Rare are the handwritten missives that used to cross oceans and continents, bringing news and love from, or to, home.
I dreamed recently that it was already time to return to Dublin and though it was months from now, I was hand-delivering a letter I’ve already been working on for about six weeks. I took the dream as a wake-up call (sorry, terrible pun) but still haven’t sent – or finished – that letter.
I’m enjoying all news from home — calls on Messenger, emails, Facebook updates — but there really is something about envelopes arriving in the mailbox outside our door. We’ve received a few cards and a couple of letters, and all have been read with joy.
My son just put together a small package for a friend in Dublin, finding sendable treasures that are part of his life here. Coins, pins, a badge from the local GeekCon last weekend, a hat with a First Nations design embroidered on it, other items he knows his friend will enjoy. Of course sweets ‘that you can’t get in Ireland’ had to go in, too. I even managed to tuck in a short letter for his mama: I hope she can read the scrawl.
I have always loved receiving personal mail from the time — probably before I could read — we got a free Pop Tarts sample through the cast iron mail slot on the front door in Hardwick Street. The mail slot had a little door that you could open from the inside and see through the grille who was outside.
Our next home was in the country with a mailbox on a post by the side of the road. You put your own letter in to post it, turned the box 90 degrees, and the mail person would collect it for you. If they left mail in it, the box would still be at 90 degrees.
In the 12 storey apartment block I lived in in Brussels, my friend and co-worker and I had an unspoken race to the mailboxes on the ground floor each morning. There was a choice of three elevators and sometimes if we both were in the same one, when the door opened we’d push each other aside to get to the mail. I’m sure the other, more cosmopolitan residents were impressed.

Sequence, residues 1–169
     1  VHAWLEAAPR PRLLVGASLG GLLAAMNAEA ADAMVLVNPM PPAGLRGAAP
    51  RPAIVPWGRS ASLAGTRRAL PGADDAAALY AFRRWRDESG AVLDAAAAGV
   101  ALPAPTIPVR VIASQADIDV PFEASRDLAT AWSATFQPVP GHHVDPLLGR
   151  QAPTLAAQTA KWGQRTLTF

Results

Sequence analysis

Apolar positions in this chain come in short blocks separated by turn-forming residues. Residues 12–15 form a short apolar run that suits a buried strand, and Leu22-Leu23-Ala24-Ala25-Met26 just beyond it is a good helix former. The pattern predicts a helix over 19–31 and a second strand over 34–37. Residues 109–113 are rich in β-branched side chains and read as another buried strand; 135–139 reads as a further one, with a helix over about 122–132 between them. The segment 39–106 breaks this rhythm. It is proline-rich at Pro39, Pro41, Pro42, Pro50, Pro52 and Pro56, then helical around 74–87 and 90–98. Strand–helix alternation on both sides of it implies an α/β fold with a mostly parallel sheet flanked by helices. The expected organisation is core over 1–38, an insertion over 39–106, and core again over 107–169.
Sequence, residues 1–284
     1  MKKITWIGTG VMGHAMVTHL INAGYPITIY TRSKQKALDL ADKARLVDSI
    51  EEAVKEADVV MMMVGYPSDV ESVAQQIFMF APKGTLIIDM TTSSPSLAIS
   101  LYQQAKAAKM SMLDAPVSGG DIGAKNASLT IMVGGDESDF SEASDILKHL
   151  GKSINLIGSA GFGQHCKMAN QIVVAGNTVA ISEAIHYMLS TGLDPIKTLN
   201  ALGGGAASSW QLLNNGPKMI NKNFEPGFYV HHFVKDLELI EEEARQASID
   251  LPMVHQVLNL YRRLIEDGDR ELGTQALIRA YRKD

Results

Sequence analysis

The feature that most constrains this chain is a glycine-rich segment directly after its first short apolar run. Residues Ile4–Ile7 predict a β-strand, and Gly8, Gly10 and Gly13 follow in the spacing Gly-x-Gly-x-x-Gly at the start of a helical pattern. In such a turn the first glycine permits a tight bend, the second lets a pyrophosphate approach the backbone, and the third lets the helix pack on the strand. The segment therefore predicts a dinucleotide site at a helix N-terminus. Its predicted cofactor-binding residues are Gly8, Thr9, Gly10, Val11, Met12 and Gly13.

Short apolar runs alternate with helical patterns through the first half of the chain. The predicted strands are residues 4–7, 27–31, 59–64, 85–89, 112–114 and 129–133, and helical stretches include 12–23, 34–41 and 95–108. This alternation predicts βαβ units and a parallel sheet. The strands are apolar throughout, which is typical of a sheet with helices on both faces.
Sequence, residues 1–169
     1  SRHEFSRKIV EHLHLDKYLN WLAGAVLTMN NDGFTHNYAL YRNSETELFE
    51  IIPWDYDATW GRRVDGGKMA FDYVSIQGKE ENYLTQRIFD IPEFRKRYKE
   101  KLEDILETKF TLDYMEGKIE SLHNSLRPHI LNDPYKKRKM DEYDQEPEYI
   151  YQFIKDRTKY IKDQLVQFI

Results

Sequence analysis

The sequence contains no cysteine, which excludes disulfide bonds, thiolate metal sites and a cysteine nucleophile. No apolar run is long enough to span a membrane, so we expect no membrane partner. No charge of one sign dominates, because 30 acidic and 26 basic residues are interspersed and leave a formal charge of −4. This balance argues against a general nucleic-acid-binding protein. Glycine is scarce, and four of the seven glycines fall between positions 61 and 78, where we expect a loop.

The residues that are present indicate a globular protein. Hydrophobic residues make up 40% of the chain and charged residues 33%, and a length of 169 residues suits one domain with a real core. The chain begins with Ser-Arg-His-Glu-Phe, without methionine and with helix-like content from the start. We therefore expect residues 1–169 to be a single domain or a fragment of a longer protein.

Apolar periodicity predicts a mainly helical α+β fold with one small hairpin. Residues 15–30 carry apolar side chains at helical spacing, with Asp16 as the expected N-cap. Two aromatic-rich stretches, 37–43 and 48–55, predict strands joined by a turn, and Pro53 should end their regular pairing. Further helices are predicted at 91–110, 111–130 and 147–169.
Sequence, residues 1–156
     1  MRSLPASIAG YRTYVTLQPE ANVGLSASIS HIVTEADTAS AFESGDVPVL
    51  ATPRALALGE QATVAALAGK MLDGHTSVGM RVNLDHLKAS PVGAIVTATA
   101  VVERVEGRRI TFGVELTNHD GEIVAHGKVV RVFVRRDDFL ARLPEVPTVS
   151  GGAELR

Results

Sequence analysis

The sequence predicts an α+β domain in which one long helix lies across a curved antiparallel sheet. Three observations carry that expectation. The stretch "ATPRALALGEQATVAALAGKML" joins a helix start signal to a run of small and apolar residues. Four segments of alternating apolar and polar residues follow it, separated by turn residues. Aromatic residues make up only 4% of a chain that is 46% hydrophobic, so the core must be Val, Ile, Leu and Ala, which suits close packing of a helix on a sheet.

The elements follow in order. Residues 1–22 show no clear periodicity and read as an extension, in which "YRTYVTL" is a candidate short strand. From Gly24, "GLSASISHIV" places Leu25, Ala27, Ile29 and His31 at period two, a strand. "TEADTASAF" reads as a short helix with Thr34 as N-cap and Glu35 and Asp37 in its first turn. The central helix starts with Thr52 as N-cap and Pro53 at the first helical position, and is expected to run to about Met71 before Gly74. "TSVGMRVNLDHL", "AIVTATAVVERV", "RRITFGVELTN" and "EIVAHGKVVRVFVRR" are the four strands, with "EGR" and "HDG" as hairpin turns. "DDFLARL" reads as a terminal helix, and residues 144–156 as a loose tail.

Friends tell of their parents’ courting days in Dublin, when the suitor would send a note in the morning requesting his beloved meet him for lunch that day; her reply would be sent by return post confirming their rendezvous; clearly it all worked out.
There are websites listing the benefits of penning real letters, with reasons ranging from improving hand writing (mine seems to worsen with the length of the letter, so no benefit there) and honouring tradition, to showing how much you care or making you feel good yourself.
If the thoughts of thinking of what to say, putting your words onto paper, actually stamping and addressing an envelope and getting it into a mailbox seem daunting to you, hesitate no more: help is at hand, in the form of The Indian Handwritten Letter Company who will do all of that for you, on fine paper no less.
Their services are especially appealing if you also value irony. Their website says that “a handwritten letter shows how much time you must have invested in coming up with the exact words” although they will do that for you too; you just give them an idea of what you want to say. Instructions on their form read “type your message here, like you mean it”.
We all agree that “when, and if a person gets one such beautiful gift, it’s always a welcome surprise which also makes you feel important in the life of the sender. As he/she has spent so much time and energy in coming up with a handwritten letter so beautiful.” Again, you have to appreciate that irony.
They are absolutely right, though: “A well drafted handwritten letter on a high-quality paper in a beautiful handwriting always makes a better impression.”
I’ll be working on the handwriting and on finishing that letter. Maybe I’ll even make a better impression by sending out a few more.
One thought on “Letters from Home”